FIG. 12 is a flow chart of the alarm management system of FIG. 4 and generally similar to FIG. 4 but showing the components which are present at a date between the dates of the diagrams of FIGS. 4 and 9;

FIG. 13 including FIGS. 13a and 13b is a flow chart of a routine INTERPOLATE forming part of the main program;

FIG. 14 is a flow chart of a routine LIST forming part of the main program;

FIG. 15 is a diagram illustrating part of the management structure of a company;

FIG. 16 illustrates how stored data may be partitioned into scenarios;

FIG. 17 is a flow chart of a routine COPY which may form part of the main program;

FIG. 18 is a flow chart of a routine PROMOTE which may form part of the main program;

FIG. 19 illustrates the mapping between two diagrams representing a real world structure in two different domains; and

FIG. 20 including FIGS. 20a and 20b is a flow chart of a routine MAP which may form part of the main program.

Referring now to FIG. 1, there is shown an apparatus 10 for storing data for use in displaying diagrams. The apparatus 10 comprises three general purpose computers or workstations 11, 12, 13 connected by a communication link 14 to a file server 15. The file server 15 functions as a centralised data store for all three computers 11, 12, 13 and data for storage may be entered either at one of the computers 11, 12, 13 or directly into the file server. By providing three computers 11, 12, 13, three people may use the apparatus simultaneously and access the data stored in the file server 15. However, where it is required that only one person should be able to use the apparatus at any one time, it is sufficient to provide only one computer and the apparatus will be described below with reference to only computer 11.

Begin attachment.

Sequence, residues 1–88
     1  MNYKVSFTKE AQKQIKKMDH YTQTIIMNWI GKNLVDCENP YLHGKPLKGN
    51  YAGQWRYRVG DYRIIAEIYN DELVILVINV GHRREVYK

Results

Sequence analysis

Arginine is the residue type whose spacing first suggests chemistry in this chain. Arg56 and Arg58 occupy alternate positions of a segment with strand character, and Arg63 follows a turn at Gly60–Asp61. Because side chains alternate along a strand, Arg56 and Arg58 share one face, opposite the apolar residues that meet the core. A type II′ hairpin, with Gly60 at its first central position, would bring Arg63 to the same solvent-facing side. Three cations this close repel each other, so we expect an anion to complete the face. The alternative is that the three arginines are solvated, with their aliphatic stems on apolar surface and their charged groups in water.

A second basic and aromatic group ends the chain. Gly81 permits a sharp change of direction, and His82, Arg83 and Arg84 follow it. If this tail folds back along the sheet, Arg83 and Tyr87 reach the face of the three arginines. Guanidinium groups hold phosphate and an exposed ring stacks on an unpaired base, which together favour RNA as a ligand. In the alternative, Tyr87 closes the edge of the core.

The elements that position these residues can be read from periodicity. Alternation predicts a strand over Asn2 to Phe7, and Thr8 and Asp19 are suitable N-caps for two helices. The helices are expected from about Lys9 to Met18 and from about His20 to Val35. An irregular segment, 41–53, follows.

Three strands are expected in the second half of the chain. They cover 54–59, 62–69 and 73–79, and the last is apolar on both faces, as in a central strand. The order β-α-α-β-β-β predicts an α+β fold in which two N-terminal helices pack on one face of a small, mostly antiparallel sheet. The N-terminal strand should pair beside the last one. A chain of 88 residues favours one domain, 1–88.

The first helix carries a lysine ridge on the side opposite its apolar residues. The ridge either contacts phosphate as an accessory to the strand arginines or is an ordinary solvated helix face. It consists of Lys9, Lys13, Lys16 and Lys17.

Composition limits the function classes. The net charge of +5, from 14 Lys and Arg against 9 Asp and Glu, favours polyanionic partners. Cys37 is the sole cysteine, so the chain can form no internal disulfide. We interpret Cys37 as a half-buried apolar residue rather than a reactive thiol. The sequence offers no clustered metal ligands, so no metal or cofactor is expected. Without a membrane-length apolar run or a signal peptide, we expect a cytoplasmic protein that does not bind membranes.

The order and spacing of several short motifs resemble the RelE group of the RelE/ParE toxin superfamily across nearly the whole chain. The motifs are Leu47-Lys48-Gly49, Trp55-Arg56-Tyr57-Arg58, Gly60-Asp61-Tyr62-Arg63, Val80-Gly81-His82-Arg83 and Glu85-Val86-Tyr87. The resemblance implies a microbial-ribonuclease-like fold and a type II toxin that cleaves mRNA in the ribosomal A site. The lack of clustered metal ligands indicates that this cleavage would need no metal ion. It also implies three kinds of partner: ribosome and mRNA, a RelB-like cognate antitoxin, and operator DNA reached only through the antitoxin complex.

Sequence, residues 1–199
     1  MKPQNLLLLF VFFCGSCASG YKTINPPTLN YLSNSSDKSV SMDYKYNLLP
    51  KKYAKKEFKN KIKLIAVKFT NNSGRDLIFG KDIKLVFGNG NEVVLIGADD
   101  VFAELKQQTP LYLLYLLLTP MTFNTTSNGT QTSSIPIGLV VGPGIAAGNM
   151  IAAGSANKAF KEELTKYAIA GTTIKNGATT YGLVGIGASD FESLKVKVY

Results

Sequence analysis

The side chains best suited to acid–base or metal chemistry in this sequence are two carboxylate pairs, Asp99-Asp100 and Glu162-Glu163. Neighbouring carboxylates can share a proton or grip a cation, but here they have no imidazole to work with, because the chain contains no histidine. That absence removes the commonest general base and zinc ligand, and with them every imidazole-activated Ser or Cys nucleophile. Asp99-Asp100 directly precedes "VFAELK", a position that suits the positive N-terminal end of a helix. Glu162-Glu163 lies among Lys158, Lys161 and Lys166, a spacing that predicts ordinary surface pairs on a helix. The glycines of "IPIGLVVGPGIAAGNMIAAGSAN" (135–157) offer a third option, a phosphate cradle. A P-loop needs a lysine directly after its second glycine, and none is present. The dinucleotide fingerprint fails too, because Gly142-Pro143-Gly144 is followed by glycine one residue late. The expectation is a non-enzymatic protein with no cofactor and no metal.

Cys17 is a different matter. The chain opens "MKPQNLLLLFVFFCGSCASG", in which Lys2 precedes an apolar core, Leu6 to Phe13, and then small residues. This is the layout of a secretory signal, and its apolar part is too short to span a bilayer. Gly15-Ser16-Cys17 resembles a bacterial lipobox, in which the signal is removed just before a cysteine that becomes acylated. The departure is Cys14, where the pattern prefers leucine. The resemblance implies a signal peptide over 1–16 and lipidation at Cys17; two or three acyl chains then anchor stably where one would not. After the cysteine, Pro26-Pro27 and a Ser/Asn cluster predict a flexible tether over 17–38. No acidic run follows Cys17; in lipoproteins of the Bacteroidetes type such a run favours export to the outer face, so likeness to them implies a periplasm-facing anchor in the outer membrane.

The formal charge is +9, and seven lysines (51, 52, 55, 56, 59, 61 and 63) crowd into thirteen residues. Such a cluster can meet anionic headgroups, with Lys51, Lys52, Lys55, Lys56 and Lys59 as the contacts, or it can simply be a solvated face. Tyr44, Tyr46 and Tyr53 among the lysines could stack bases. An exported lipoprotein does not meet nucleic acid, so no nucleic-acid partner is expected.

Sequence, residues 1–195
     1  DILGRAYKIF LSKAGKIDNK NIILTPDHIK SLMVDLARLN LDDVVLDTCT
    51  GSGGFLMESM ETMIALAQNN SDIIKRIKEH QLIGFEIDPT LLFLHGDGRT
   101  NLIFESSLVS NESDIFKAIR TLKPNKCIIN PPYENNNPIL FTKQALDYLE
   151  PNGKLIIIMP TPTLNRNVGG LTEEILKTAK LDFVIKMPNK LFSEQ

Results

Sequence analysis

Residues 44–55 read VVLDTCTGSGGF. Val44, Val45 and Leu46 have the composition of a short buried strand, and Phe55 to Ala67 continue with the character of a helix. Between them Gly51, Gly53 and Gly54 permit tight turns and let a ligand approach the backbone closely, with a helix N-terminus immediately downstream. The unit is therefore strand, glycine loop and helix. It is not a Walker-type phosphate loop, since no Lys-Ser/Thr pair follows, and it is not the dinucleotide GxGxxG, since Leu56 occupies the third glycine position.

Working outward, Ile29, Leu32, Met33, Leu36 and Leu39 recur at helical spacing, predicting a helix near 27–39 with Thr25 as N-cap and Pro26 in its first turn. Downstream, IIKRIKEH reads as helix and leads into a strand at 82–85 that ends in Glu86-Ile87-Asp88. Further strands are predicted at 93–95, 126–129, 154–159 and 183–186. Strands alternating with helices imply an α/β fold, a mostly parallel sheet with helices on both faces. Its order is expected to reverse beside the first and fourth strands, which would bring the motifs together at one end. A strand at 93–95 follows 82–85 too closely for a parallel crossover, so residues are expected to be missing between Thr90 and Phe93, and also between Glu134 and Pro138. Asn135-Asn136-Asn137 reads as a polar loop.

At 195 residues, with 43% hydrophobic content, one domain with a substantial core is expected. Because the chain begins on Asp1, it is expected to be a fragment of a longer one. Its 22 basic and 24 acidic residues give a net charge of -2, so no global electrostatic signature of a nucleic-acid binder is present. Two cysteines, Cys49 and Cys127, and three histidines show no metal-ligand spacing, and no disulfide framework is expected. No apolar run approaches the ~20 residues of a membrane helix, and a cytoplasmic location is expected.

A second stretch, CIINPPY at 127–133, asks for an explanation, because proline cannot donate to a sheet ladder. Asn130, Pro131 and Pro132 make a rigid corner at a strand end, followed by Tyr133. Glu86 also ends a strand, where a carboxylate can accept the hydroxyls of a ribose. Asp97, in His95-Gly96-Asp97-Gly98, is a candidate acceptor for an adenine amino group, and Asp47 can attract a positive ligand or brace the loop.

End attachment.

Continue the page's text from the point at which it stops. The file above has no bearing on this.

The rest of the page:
The computer 11 is of conventional construction and its main components are shown in FIG. 2. These components include a mouse 19, a keyboard 20, a visual display unit or screen 21, a central processing unit (CPU) 22, a read only memory (ROM) 23, and a random access memory (RAM) 24. In operation, programs and data may be loaded from the file server 15 into RAM 24.

Referring now to FIG. 3, there are shown the components of the software or programs used in the apparatus 10. These components comprise a graphical user interface (GUI) 30, a main program 31, an interface 32 and a database management system 33. GUI 30 is formed from the two software packages AIDA and MASAI available from Ilog Limited of the Surrey Technology Centre, 40 Occam Road, Guildford, GU2 5YH, England. As the construction of GUIs is well known to those skilled in the art, GUI 30 will not be described in further detail.